This study was conducted to elucidate the recent trend of geriatric head injury in the Japan Neurotrauma Data Bank.
Three hundred and eighty patients and 479 over 65 years of age were enrolled in Project 2004 and Project 2009, respectively. Those were divided into 2 groups: aged (65 to 74 years of age) and highly aged (75 years of age or more) groups. Analyzed issues were distribution of the patients, cause of injury, incidence of alcohol intake, Glasgow Coma Scale (GCS) score, CT findings, incidence of multiple systemic injury, treatment and outcomes at discharge after injury. The outcomes were evaluated using Glasgow Outcome Scale.
Results: As for the recent trends: 1) Highly aged patients had been increased, 2) Cause of injury: Fall or tumble was more frequent, especially in the highly aged group, 3) GCS score: rate of GCS 3 to 8 was higher in the highly aged. 4) CT findings: Percentage of diffuse injury was lower in the highly aged. In the mass lesion, acute subdural hematoma was more increased in the highly aged. 5) Surgical treatment: neurosurgical operation was less frequent in the highly aged, and rate of operation had been more increased in both the aged and the highly aged groups. 6) Medical treatment: Temperature management was less common in the highly aged. 7) Outcomes at discharge were worse in the highly aged, but no serial change was observed in both age groups.
These results indicated that the clinical features, treatment and outcomes were different between the aged and the highly aged groups. These two age groups could be considered as the different clinical entity. The outcomes had not been improved despite the rate of surgical treatment had been increased in both two age groups.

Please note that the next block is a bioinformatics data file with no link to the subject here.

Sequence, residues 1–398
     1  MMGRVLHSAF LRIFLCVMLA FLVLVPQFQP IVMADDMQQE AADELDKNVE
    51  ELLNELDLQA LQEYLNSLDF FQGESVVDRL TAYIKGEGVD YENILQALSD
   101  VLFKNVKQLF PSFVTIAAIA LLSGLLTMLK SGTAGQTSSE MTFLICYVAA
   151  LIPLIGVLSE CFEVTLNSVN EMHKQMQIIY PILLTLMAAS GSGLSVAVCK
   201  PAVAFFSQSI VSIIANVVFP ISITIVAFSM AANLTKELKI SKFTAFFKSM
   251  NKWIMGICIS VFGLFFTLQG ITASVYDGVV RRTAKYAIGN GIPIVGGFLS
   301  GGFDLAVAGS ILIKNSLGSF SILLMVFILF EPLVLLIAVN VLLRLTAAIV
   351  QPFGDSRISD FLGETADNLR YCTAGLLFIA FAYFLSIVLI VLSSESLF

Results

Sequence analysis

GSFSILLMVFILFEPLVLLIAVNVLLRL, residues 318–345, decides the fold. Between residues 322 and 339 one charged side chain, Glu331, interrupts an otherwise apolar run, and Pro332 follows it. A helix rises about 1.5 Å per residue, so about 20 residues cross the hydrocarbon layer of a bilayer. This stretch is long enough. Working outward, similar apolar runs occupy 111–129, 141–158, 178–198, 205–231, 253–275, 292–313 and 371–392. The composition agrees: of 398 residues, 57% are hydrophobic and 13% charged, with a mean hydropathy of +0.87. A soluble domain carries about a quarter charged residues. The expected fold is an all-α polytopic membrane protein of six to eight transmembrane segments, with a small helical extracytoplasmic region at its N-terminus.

Background: Spinal cord injury (SCI) is one of the poor prognostic factors in relation to head trauma. There are few reports on neurological functional prognosis in patients with cervical SCI. We retrospectively studied the prognostic factors in mild to moderate cervical SCI (AIS D, E).
Objective: Fifty-nine patients admitted to our department from August 2008 to May 2014 were evaluated in this study, comprising 53 men and 6 women with an age range from 25 to 84 years old (average 62.7 years). Age, sex, high-dose steroid therapy, surgical intervention, pain at the time of admission and discharge (evaluated by numerical rating scale [NRS]), and functional evaluation at the time of admission and discharge (Functional Independence Measure [FIM]) were evaluated as prognosis-related factors.
Result: In terms of improvement of NRS <3 or >3 points, a significant difference was observed between patients aged <60 years old and those aged ≥70 years. Specifically, NRS improvement was good in patients ≤60 years of age (p=0.003). Pain on admission was higher in patients at 70 years of age (p<0.0001). In patients aged ≥70 years with improvement of <3 points after admission, the FIM scores on admission and at discharge were low (Mann–Whitney U test, p<0.05). Based on these results, in the elderly >70 years old with mild to moderate cervical SCI, improvement of pain might be a significant factor for neurological functional recovery. In other words, pain control is an important factor influencing prognosis. Prognosis was not related to the use of high-dose steroid therapy, surgery, and height of cervical spinal cord damage.